6 club s future use of the pool.. The Claims in Plaintiff s Complaint are not Warranted by Law Plaintiff and her counsel have alleged claims against Schubert that have no basis in the law. As set forth below, all of her claims can only be brought against her employer, Golden West Swim Club. They are not claims that can be brought against Schubert, who was and is an employee of the club. With minimal research, an entry level attorney could have figured that the law does not allow Plaintiff to sue Schubert individually on the claims set forth in her complaint. Plaintiff s attorney was so intent on disparaging Schubert, and in the process put himself in the limelight, that he either failed to do the minimum research required of him or he intentionally named Schubert individually for the sole purpose of disparaging his reputation.. Plaintiff s Complaint Was Clearly Filed for Improper Purposes Plaintiff s complaint is a disgusting attack on a highly decorated and extremely successful swim coach. Under the law, Plaintiff and her counsel can say anything they want in the complaint, without worrying about Schubert suing them for defamation; the law provides a privilege for such statements. But this doesn t make it right. A reading of the complaint compels the reader to conclude that the motives of Plaintiff and her counsel were unbridled by the truth or the law. Plaintiff and her counsel each had one motive; to unfairly destroy Schubert s reputation. II. PLAINTIFFS FIRST CAUSE OF ACTION FAILS TO STATE A CLAIM AGAINST SCHUBERT AS A MATTER OF LAW Plaintiff s First Cause of Action seeks damages for wrongful termination in violation of public policy. Plaintiff bases this claim on her contention that Defendants violated Labor Code section, which precludes an employer from terminating an employee for reporting unsafe working conditions or practices. As against Schubert, there are several reasons why this claim cannot be maintained. A. Schubert, As Plaintiff s Supervisor, Cannot Be Liable for Wrongful Termination.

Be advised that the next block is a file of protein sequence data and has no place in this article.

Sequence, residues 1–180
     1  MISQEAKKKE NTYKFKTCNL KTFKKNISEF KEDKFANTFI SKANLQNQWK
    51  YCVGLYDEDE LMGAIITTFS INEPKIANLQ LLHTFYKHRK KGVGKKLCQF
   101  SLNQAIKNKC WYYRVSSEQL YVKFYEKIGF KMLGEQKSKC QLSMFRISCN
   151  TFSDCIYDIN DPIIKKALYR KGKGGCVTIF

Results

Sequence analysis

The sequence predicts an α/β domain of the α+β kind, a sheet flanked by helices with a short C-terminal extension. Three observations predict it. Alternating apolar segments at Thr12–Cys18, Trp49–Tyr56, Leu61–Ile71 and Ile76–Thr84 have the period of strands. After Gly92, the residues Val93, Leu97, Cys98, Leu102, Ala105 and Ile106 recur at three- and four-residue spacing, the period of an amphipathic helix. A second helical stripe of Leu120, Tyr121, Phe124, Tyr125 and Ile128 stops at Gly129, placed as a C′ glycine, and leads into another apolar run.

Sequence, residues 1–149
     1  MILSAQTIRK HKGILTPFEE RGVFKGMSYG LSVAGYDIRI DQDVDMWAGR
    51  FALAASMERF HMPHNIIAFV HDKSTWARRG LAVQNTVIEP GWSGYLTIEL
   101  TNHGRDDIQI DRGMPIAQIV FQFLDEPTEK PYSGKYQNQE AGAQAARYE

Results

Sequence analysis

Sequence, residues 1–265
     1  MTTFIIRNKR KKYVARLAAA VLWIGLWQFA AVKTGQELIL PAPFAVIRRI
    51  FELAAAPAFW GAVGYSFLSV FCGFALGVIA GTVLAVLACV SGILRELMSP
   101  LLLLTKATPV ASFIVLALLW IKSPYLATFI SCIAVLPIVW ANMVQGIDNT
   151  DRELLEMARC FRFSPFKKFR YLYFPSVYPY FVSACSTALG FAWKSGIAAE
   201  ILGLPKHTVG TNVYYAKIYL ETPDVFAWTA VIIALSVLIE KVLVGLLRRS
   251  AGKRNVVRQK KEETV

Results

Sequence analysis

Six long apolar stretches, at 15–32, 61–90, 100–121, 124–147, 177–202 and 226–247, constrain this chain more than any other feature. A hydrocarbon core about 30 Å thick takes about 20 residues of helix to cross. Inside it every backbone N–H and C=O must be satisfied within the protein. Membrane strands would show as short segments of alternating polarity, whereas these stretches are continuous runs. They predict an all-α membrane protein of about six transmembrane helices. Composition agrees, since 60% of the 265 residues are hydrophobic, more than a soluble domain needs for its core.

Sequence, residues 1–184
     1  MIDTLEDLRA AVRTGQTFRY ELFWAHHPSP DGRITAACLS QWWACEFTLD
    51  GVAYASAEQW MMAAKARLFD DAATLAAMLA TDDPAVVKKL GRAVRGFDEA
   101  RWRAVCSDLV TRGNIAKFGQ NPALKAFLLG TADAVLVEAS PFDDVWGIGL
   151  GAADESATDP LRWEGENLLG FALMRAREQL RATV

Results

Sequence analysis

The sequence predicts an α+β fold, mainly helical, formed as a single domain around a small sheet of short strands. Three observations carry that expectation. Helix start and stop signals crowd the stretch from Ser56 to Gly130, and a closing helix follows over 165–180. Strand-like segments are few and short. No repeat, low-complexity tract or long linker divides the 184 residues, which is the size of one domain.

7 Plaintiff alleges that she was employed by Defendant Golden West Swim Club ( GWSC and that Schubert was her supervisor. (See, e.g., Complaint,,,. 1 As such, he cannot be liable for wrongful termination, and Plaintiff s First Cause of Action is barred as a matter of law. The California courts have been clear and unequivocal in barring claims for wrongful termination against supervisory personnel. See, e.g., Khajavi v. Feather River Anesthesia Med. Group (000 Cal.App. th, ; Miklosy v. Regents of University of California (00 Cal. th, 01. Such claims are barred even when a supervisor is responsible for the employer s discharging the plaintiff. Id. This is true regardless of the underlying basis for the wrongful termination claim. As the Court noted in Lloyd v. County of Los Angeles (00 Cal.App. th 0, [a]n individual who is not an employer cannot commit the tort of wrongful discharge in violation of public policy; rather, he or she can only be the agent by which an employer commits that tort. Id. at 0. In other words, it is the employer s adverse employment action that constitutes the tort and, the supervisor s action merges with that of the employer. Miklosy, supra, Cal. th at 01-0, fn.. Because Plaintiff cannot maintain a wrongful discharge claim against Schubert individually, his demurrer to her First Cause of Action should be sustained without leave to amend. 1 1 While Plaintiff alleges, at paragraph of her Complaint, that she entered into an oral employment with Schubert, she admits she did so in his capacity as GWSC Head Coach (and CEO and that Schubert had exclusive authority to hire GWSC s assistant coaches and staff. She also alleges throughout the Complaint that her employment was with GWSC not with Schubert individually. See, e.g., Paragraph (Plaintiff devoted her full-time effort to the management of CWSC and performing coaching duties for GWSC; Paragraph (Plaintiff s job performance at GWSC was excellent: Paragraph (Plaintiff was not subject to a negative performance evaluation at any time, during her employment with GWSC. In an unpublished decision, the Second District Court of Appeal specifically considered whether claims for discharge in violation of public policy under Labor Code section fell within an exception to this rule and held that they did not. Garcia v. Witt (0 0 WL 0. While this case obviously is not controlling authority, the Garcia Court s reasoning is instructive.